10/28/2010 2:22PM

WinStar to host breeze show at new training facility


LEXINGTON, Ky. − WinStar Farm will host its own breeze show Tuesday to showcase its Keeneland November racing-age consignment, and it hopes the event will put a positive spotlight on its new training facility.

WinStar, located in Versailles, Ky., recently finished a seven-furlong Polytrack training strip designed to be similar to Keeneland’s five-furlong training track.

The show will start at 9 a.m. at the training center adjacent to WinStar on Pisgah Park. On Monday, WinStar will post set lists for the day at winstarfarm.com. Past performances and previous workout histories will be available on the grounds. The show will open with a one-hour gallop session, followed by breezes, which are expected to take place until about 11:30 a.m. Any remaining horses to gallop will take to the track after the breeze show.

WinStar will provide coffee and a light breakfast.WinStar will video all gallops and works and post them Wednesday afternoon on the farm’s website. Its Keeneland November racing-age consignment consists of 49 horses.

Among them are Advice, a 4-year-old Grade 2 winner; Bluegrass Dreamer, a 2-year-old Bluegrass Cat half-brother to Lucky Story and Dr Fong; Spring Meet, a 3-year-old Storm Cat half-brother to Grade 1 winners Spring at Last and Sharp Lisa; Tabby, a 3-year-old winner by Storm Cat out of multiple Grade 1 winner Affluent; Amaryllis Beach, a 3-year-old Speightstown colt who is a three-quarters brother to Omega Code and a half to Tempest Fugit; Keep Me Informed, a 3-year-old A. P. Indy colt out of Grade 1 winner Awesome Humor; and Lambeau, a gelded 3-year-old half-brother to D’Wildcat.

Market stays consistent, Fasig-Tipton says

Fasig-Tipton’s October yearling sale, which ended Wednesday with mixed results, added more evidence the yearling market is stabilizing.

“It’s consistent with what we’ve seen in recent months and years,” Fasig-Tipton CEO Boyd Browning said. “There’s an emphasis on quality and reasonable demand for quality horses. In fact, there’s good demand. The highs aren’t quite as high, but there’s significant competition for quality offerings.”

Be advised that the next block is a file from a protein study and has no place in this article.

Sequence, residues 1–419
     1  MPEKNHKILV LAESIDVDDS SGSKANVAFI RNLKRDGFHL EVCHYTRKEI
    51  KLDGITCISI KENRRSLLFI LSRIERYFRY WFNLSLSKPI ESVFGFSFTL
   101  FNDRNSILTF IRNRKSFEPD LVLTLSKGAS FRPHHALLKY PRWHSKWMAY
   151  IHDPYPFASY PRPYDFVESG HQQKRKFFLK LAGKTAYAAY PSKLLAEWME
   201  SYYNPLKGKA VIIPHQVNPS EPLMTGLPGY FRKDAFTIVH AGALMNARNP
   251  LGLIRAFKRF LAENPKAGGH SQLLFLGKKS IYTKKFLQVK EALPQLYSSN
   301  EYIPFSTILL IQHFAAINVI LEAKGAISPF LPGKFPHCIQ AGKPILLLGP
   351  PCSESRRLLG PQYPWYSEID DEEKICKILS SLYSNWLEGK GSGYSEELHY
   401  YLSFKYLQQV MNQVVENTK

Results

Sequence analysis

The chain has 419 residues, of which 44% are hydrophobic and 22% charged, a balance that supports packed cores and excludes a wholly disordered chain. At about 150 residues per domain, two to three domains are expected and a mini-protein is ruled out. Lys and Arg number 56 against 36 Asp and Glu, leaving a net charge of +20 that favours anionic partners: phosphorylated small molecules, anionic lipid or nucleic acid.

The three-day Lexington auction ended with 690 yearlings sold for an aggregate $9,395,300, up 19 percent from last year’s total for 566 horses. Average price fell from last year’s $13,949 to $13,616. But median price fell more noticeably, by 17 percent, from $6,000 last season to $5,000. Buybacks were at 29 percent, up from last year’s figure of 25 percent.

Wednesday’s session-topper, a $130,000 Congrats-White Ruffle colt that Sunset Stables bought from Hill ’n’ Dale, agent, was one of nine horses to bring $100,000 or more at the sale. The sale-topper, sold Tuesday, was a $310,000 Hard Spun filly out of champion Hollywood Wildcat that Lakland Farm purchased out of phase 1 of Irving Cowan’s dispersal. Taylor Made Sales was the consignor.

Tattersalls figures mostly same as 2009

The Tattersalls autumn horses in training market, which ended Thursday in Newmarket, England, remained largely on par with last year.

From a catalog of 1,583 horses − 50 more than last year − the 865 horses sold grossed $29,345,302 for an average price of $33,925 and a median of $15,026. Those figures are approximate and converted from guineas, the local auction currency. Compared year to year in guineas, the gross eased up less than 1 percent, and average climbed 5 percent. But the buyback rate also rose, from 16 percent to 21 percent.

The auction’s top price of $918,225 was for Italian Group 1 winner Hearts of Fire. Qatari owner Hassan Ali abdul Malik purchased the 3-year-old Firebreak colt. Middle Eastern buyers were highly active throughout the sale. Saudi Arabian prince Sultan Mohammed Saud al Kabeer bought the auction’s second highest-priced horse, the Group 2-winning juvenile Formosina, for $534,240, as well as the juvenile Group 3 winner Electric Waves for $333,900. All three horses are likely to point for the Dubai International Racing Carnival in January.

◗ Three Chimneys pedigree and matings advisor Anne Peters has left the Midway, Ky., farm to become a freelance bloodstock consultant and to write about breeding and pedigrees at her blog, pedigreegoddess.com. The farm has hired Kyle Wilson, formerly of Pete Bradley’s Bradley Thoroughbred Brokerage, to fill Peters’s role in stallion season sales. Three Chimneys also will continue to offer matings advice and pedigree research.

◗ BC3 Thoroughbreds, the American pinhooking partnership that expanded several years ago into Australia, has launched a new public racing partnership in Australia called BC3 Racing Club. The syndicate allows members to own a share in a group of 21 racehorses in Australia and Singapore, including 20 unraced juveniles as well as American Crew, an Australian Group 1-placed 3-year-old. The share fee of $7,547 Australian, about $7,300 U.S., also includes the first two years of training and vet fees.